If one is situated at 50° latitude (meaning north hemisphere) and looks at sunset in the evening, by how many degrees you need to turn leftwards to find the meridian that goes through the point you are situated ? How about if you are situated at the north pole? I would like to look at this at some (any) time point of the year. I had troubles figuring out. I will appreciate your help. Thanks.

  • 2
    $\begingroup$ Related, possible duplicate: astronomy.stackexchange.com/q/39670/16685 $\endgroup$
    – PM 2Ring
    Sep 29, 2022 at 9:59
  • 1
    $\begingroup$ Thanks. I looked at that post. I do not think it helped me much to answer my question. $\endgroup$
    – user996159
    Sep 29, 2022 at 11:03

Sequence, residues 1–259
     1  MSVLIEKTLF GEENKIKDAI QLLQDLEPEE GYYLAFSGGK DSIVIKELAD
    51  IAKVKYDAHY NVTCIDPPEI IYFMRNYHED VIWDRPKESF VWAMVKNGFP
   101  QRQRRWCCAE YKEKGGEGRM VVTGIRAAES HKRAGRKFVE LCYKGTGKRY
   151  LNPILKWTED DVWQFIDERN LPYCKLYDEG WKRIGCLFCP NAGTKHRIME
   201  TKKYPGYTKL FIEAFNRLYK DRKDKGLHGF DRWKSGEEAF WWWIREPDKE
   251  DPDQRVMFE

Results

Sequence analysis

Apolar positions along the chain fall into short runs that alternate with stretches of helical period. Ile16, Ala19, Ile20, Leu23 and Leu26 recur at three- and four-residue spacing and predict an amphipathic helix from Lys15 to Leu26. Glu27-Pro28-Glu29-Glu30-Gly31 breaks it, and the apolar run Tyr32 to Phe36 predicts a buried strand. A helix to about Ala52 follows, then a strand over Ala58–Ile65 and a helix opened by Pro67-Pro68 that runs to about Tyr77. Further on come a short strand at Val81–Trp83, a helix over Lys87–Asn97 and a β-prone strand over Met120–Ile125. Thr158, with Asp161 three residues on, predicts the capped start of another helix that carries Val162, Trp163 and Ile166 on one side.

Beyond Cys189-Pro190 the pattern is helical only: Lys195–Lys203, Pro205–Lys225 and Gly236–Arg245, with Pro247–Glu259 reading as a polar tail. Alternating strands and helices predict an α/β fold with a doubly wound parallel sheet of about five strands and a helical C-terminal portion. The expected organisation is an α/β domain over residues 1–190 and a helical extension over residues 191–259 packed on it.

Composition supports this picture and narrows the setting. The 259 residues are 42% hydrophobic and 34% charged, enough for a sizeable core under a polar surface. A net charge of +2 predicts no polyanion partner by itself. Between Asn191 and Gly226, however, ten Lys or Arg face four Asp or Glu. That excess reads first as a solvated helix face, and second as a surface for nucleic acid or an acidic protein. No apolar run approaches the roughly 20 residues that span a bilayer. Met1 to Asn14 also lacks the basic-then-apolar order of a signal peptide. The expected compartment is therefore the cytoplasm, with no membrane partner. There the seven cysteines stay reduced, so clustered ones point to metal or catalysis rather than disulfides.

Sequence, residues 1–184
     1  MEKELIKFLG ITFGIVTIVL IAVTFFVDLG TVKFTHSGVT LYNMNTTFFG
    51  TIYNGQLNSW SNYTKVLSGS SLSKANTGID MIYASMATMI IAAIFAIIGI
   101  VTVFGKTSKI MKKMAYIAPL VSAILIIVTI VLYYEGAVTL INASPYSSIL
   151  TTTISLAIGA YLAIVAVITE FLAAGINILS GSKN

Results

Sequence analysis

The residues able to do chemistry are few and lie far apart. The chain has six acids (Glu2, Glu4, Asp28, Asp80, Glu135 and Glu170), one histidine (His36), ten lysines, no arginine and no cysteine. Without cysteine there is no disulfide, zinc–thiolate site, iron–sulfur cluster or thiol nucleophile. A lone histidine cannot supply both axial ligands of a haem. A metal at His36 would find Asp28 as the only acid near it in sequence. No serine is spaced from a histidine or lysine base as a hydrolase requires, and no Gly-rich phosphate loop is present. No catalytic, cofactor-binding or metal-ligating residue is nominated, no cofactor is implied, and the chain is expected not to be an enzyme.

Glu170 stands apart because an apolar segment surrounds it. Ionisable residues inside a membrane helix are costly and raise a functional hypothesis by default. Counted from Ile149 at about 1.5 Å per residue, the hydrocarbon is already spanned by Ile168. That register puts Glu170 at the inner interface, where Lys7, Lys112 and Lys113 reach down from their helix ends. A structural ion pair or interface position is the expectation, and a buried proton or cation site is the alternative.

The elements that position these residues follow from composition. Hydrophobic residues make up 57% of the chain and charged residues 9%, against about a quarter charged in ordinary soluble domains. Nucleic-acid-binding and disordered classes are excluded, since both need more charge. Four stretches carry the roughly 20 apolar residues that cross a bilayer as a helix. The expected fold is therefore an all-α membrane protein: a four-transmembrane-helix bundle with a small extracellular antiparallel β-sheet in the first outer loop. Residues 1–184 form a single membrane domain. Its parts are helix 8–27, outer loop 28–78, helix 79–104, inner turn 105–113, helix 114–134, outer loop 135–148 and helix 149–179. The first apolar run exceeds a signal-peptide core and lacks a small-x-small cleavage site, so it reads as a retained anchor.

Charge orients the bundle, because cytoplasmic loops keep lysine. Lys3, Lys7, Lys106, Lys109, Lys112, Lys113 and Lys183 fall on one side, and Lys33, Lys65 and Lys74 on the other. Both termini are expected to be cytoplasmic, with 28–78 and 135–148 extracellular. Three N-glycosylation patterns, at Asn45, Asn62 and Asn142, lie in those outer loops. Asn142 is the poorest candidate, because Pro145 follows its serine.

• $\begingroup$ It's not that hard to look up tables of sunset angle vs. day-of-year $\endgroup$ Sep 29, 2022 at 12:02
  • 1
    $\begingroup$ It is not about finding a value rather then how you do that. But even after looking at tables I wasn't able to find an answer. $\endgroup$
    – user996159
    Sep 29, 2022 at 13:21
  • $\begingroup$ The second set of equations on this page will give the setting (or rising) azimuth. You can use that to find any other azimuth. Ships still use this method today to calibrate their compass.celestialprogramming.com/risesetalgorithm.html $\endgroup$ Sep 29, 2022 at 13:33


You must log in to answer this question.

Browse other questions tagged .